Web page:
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S1: And the main pushback to what you’re saying, my understanding is that your point of view means that, like to hammer every problem looks like a nail. You know what I mean? Yeah, that like, your focus is on corporate power, and so obviously you’re going to be like, it’s corporate power, but I don’t know that anyone actually quibbles with your statistics or what you have to say.

S2: I’ve heard every kind of, you know, piece of pushback in the book early in the pandemic. What we heard is, oh, you guys just don’t understand. These companies are profitable because demand is up and they’re selling more stuff. And, you know, what we explain very clearly is, look, we’re looking at profit margin data, not profit data. And the rising costs of labor and raw materials should be eating into margins. And instead, margins are expanding. And so what that says to us is they’re passing along inflation, but they’re not just passing along inflation. They’re going through more. And that more is what’s driving the profit margins in addition to the profits. The other thing we hear a lot is this is so silly. Something has to change for prices to increase and there’s no way corporations got more greedy in the last two years. But we’re not focused on the motive here. We know corporations have always been out to make a buck. So this sort of corporate greed piece is a constant, right? We’re always going to see that. What we’re seeing here is not just motive, the opportunity. It’s the opportunity of foreign war, the opportunity of the pandemic, the opportunity of the supply chain shortages. And when the motive and opportunity collide, when you have both, that’s the moment when you can go really big on on these price increases. So, you know, I don’t believe corporations got more greedy over the last two years. What I do believe is that they found a new way to grow profit. And I think the reason that they’re so excited on these earnings calls is because they’re pretty glad they found it and it’s working pretty well for them.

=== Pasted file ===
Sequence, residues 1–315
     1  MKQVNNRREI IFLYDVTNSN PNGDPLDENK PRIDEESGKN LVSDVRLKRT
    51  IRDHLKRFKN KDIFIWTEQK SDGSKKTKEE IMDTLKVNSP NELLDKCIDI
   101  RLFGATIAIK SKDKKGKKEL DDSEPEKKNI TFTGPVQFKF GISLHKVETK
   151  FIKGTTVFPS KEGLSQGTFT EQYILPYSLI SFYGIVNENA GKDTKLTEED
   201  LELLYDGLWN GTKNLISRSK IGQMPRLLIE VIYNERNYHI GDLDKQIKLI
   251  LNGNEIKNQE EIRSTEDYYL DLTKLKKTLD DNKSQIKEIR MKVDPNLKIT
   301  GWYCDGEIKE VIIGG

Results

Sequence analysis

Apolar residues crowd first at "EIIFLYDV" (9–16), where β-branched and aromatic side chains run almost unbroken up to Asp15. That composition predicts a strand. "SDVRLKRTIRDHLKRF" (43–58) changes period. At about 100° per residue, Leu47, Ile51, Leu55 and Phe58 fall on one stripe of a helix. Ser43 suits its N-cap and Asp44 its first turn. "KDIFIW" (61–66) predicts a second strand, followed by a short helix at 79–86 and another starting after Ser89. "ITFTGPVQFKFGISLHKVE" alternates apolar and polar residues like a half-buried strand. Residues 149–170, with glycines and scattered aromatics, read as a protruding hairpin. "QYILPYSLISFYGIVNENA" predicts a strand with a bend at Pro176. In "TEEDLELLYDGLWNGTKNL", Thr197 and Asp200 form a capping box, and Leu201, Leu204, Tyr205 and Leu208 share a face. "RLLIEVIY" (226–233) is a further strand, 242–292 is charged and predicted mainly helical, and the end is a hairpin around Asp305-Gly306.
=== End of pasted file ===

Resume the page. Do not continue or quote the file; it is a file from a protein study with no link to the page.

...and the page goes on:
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S1: You sound a little like you respect your enemy during. I mean, like you’re like you’re just making the logical choice. Well.

S2: I mean, yeah, corporate America. America’s a worthy adversary, right? I mean, it’s a big adversary. But, you know, I don’t know that I would say I respect it. I do think what we’re seeing is, is folks exploiting a time of national crisis. I mean, we are in an economic transition and economic shock here with price increases. And, you know, I think that policymakers have to do something. You know, in some ways, this is a dress rehearsal with climate change bearing down on us. We’re going to have more moments in which trade routes are disrupted, manufacturing plants are flooded, crops are burnt and flooded by natural disasters. And I think the question we should be asking ourselves is not whether we think companies are going to exploit those moments to run up the score for their shareholders. I think we know the answer. They will. But what we’re going to do about it.

S1: Lindsay Owens, I’m really grateful for your time. Thanks for coming on the show.

S2: Thanks for having me.

S1: Lindsay Owens is the executive director of the Groundwork Collaborative. And that’s our show. What next is produced by Mary Wilson Carmel Delshad and Alena Schwartz. We are getting a ton of support these days from Sam Kim and Anna Rubanova. We are led by Joanne Levine and our brand new vice president of Audio, Alicia montgomery. And I’m Mary Harris. Go track me down on Twitter. It’s where I keep the pictures of my dog. I’m at Mary’s desk. Thanks for listening. I’ll talk to you tomorrow.